comes to the anterior face of the prism of water consists of rays of all degrees of refrangibility. Now, the rays possessing the same index of refraction with the red light suffer a greater loss in passing through the prism than the rays possessing the refrangibility of the orange light, and the latter lose less in their passage than the heat of the yellow. Thus the losses, being inversely proportional to the degree of refrangibility of each ray, cause the point of maximum heat to tend from the red towards the violet, and therefore it rests upon the yellow part. The prism of sulphuric acid, acting similarly, but with less energy than that of water, throws the point of greatest heat on the orange; for the same reason, the crown and flint glass prisms transfer that point respectively to the red and to its limit. M. Melloni, observing that the maximum point of heat is transferred farther and farther towards the red end of the spectrum, according as the substance of the prism is more and more permeable to heat, inferred that a prism of rock-salt, which possesses a greater power of transmitting the calorific rays than any known body, ought to throw the point of greatest heat to a considerable distance beyond the visible part of the spectrum,—an anticipation which experiment fully confirmed, by placing it as much beyond the dark limits of the red rays as the red part is distant from the blueish green band of the spectrum.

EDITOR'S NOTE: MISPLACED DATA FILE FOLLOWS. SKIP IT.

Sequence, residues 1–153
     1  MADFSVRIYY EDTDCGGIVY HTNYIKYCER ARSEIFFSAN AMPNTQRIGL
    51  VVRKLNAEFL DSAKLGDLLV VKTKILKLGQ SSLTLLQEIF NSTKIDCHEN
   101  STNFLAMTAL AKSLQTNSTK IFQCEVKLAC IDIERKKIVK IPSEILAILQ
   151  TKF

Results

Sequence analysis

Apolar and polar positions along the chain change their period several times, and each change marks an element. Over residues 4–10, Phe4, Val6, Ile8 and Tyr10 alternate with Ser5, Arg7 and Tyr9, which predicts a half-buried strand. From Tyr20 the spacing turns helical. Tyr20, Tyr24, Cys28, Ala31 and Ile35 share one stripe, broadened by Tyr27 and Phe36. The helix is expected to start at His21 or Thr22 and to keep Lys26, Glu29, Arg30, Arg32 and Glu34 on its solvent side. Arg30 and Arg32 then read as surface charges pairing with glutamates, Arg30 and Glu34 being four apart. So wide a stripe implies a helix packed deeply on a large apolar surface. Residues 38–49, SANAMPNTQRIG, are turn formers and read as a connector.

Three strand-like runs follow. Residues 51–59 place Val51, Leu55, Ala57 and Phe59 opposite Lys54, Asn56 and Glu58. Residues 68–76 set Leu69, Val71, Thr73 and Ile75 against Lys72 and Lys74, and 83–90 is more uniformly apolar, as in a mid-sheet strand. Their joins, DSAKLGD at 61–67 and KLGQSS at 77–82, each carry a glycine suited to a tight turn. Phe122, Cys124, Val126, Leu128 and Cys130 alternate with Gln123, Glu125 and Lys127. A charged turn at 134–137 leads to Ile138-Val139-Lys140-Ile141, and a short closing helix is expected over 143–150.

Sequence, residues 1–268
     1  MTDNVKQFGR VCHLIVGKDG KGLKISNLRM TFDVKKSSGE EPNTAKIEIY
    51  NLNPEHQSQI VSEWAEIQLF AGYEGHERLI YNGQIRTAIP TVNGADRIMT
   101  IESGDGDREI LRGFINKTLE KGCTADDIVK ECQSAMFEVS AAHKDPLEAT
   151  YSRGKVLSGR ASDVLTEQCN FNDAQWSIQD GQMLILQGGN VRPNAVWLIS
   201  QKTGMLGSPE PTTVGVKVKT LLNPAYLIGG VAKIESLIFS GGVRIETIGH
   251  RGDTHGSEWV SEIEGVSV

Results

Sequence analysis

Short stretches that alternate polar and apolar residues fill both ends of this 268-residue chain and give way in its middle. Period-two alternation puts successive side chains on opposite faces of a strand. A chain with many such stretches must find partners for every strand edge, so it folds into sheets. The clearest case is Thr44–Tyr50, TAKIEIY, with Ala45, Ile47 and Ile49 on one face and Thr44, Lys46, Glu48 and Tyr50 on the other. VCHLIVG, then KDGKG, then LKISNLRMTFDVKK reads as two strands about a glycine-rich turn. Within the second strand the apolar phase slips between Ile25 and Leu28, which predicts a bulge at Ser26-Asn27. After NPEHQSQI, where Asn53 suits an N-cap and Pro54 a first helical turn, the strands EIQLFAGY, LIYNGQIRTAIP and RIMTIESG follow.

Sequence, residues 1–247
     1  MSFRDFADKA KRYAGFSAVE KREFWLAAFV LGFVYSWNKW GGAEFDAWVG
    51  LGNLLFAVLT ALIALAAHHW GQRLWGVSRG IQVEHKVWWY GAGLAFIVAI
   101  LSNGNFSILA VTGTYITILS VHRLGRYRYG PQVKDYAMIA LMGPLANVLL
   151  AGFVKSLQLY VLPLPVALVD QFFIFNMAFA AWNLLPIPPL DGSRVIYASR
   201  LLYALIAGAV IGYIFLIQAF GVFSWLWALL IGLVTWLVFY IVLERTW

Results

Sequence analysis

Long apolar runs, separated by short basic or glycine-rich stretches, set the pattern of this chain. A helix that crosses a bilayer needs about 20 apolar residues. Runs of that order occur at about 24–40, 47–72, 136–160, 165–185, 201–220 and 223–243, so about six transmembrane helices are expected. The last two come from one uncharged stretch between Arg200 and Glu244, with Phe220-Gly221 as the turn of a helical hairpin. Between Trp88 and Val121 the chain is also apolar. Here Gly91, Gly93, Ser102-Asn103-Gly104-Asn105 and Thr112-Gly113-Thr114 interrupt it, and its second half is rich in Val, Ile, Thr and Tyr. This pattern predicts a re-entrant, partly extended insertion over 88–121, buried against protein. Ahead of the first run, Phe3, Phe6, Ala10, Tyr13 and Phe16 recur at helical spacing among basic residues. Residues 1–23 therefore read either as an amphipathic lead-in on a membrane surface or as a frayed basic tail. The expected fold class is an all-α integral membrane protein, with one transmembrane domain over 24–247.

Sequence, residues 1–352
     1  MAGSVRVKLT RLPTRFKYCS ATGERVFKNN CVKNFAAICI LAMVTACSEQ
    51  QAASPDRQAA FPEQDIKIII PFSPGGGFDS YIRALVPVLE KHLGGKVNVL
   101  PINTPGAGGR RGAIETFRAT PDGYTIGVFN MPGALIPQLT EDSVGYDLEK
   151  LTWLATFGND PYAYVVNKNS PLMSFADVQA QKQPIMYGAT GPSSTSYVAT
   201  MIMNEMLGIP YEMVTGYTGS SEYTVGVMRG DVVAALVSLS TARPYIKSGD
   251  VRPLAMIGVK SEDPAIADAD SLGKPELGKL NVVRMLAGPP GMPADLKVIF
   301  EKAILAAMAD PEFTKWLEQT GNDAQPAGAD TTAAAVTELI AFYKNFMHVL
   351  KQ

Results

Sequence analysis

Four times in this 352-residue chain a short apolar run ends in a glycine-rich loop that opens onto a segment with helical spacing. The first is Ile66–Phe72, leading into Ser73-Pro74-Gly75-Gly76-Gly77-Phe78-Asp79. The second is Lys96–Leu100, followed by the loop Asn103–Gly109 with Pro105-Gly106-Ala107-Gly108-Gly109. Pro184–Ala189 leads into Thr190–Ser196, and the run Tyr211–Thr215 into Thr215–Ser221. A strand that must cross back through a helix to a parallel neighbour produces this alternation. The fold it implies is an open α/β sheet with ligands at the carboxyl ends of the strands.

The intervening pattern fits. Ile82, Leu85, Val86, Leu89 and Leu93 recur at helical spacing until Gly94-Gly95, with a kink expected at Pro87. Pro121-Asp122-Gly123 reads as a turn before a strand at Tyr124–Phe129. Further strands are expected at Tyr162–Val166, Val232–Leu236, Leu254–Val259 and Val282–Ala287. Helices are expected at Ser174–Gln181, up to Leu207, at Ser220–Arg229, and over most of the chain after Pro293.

In all these experiments M. Melloni employed a thermomultiplier,‚—an instrument that measures the intensity of the transmitted heat with an accuracy far beyond what any thermometer ever attained. It is a very elegant application of M. Seebeck's discovery of thermo-electricity; but the description of this instrument is reserved for a future occasion, because the principle on which it is constructed has not yet been explained.

In the beginning of the present century, not long after M. Malus had discovered the polarization of light, he and M. Berard proved that the heat which accompanies the sun's light is capable of being polarized; but their attempts totally failed with heat derived from terrestrial, and especially from non-luminous sources. M. Berard, indeed, imagined that he had succeeded; but, when his experiments were repeated by Mr. Lloyd and Professor Powell, no satisfactory result could be obtained. M. Melloni resumed the subject, and endeavoured to effect the polarization of heat by tourmaline, as in the case of light. It was